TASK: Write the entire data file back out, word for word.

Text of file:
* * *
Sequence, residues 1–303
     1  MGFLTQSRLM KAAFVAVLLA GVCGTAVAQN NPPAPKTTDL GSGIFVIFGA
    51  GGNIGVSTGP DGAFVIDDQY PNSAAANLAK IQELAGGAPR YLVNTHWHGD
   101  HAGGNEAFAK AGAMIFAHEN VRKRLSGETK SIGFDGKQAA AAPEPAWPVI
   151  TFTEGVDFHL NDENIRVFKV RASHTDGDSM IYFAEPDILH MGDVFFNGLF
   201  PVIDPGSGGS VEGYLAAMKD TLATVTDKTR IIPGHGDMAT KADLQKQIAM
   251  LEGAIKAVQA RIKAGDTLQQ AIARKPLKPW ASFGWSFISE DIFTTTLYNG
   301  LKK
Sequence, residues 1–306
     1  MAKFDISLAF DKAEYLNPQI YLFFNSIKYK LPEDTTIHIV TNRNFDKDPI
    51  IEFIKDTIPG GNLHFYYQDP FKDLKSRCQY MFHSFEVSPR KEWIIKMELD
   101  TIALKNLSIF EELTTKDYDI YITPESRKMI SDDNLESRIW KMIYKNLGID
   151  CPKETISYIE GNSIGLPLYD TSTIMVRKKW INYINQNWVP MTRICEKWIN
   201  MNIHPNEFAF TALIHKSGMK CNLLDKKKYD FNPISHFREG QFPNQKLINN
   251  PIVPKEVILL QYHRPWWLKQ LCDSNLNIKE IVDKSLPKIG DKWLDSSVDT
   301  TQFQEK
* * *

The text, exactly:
Sequence, residues 1–303
     1  MGFLTQSRLM KAAFVAVLLA GVCGTAVAQN NPPAPKTTDL GSGIFVIFGA
    51  GGNIGVSTGP DGAFVIDDQY PNSAAANLAK IQELAGGAPR YLVNTHWHGD
   101  HAGGNEAFAK AGAMIFAHEN VRKRLSGETK SIGFDGKQAA AAPEPAWPVI
   151  TFTEGVDFHL NDENIRVFKV RASHTDGDSM IYFAEPDILH MGDVFFNGLF
   201  PVIDPGSGGS VEGYLAAMKD TLATVTDKTR IIPGHGDMAT KADLQKQIAM
   251  LEGAIKAVQA RIKAGDTLQQ AIARKPLKPW ASFGWSFISE DIFTTTLYNG
   301  LKK
Sequence, residues 1–306
     1  MAKFDISLAF DKAEYLNPQI YLFFNSIKYK LPEDTTIHIV TNRNFDKDPI
    51  IEFIKDTIPG GNLHFYYQDP FKDLKSRCQY MFHSFEVSPR KEWIIKMELD
   101  TIALKNLSIF EELTTKDYDI YITPESRKMI SDDNLESRIW KMIYKNLGID
   151  CPKETISYIE GNSIGLPLYD TSTIMVRKKW INYINQNWVP MTRICEKWIN
   201  MNIHPNEFAF TALIHKSGMK CNLLDKKKYD FNPISHFREG QFPNQKLINN
   251  PIVPKEVILL QYHRPWWLKQ LCDSNLNIKE IVDKSLPKIG DKWLDSSVDT
   301  TQFQEK